One Portrait of One Man by Beth Lipman
An homage to Marsden Hartley
Commissioned work for Weisman Art Museum, Minneapolis, MN
One Portrait of One Man pays homage to Marsden Hartley (1877-1943) by encapsulating his painting One Portrait of One Woman (1916) within an ephemeral domestic setting. The installation presents a glass cabinet as Hartley’s allegorical body, flanked by glass wallpaper depicting a stylized aerial view of the border between two enemy trenches which no one dared cross, known during WWI as No Man’s Land. Representations of artifacts from Hartley and Stein’s lives are hidden within the glass cabinet with significant visual entry points located at chest and pelvis areas. Continuing the portraiture tradition, One Portrait of One Man offers a rumination on presence and absence.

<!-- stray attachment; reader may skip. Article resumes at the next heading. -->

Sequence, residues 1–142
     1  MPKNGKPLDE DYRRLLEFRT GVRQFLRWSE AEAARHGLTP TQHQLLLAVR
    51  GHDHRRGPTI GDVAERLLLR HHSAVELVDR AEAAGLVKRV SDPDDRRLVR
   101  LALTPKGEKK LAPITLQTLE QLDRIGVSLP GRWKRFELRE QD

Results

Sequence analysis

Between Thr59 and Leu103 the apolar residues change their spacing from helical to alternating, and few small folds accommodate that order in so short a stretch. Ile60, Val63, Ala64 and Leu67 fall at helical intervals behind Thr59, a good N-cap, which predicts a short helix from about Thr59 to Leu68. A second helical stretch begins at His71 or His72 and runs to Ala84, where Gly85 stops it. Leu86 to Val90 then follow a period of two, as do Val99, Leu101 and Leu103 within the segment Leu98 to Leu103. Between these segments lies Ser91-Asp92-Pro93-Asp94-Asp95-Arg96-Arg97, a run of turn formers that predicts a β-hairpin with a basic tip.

Marsden Hartley - "Every artist is some sort of a relative of some other artist because it is only in the expansive field of art that such relatives are to be found."
Marsden Hartley, one of America’s most preeminent 20th century modernists created One Portrait of One Woman (1916) as a symbolic portrait of his cherished friend and mentor, Gertrude Stein (1874-1946). Stein remains a deeply influential avant-garde author and collector whose Rue de Fleurus salon became a fulcrum of the artistic community during the first half of the 20th century. She, in turn, wrote a word portrait of Hartley.
One Portrait of One Man was commissioned by Weisman Art Museum and partially funded by the National Endowment of the Arts. Research was supported by the Beinecke Rare Book and Manuscript Library at Yale University.
photo credit: Weisman Art Museum, University of Minnesota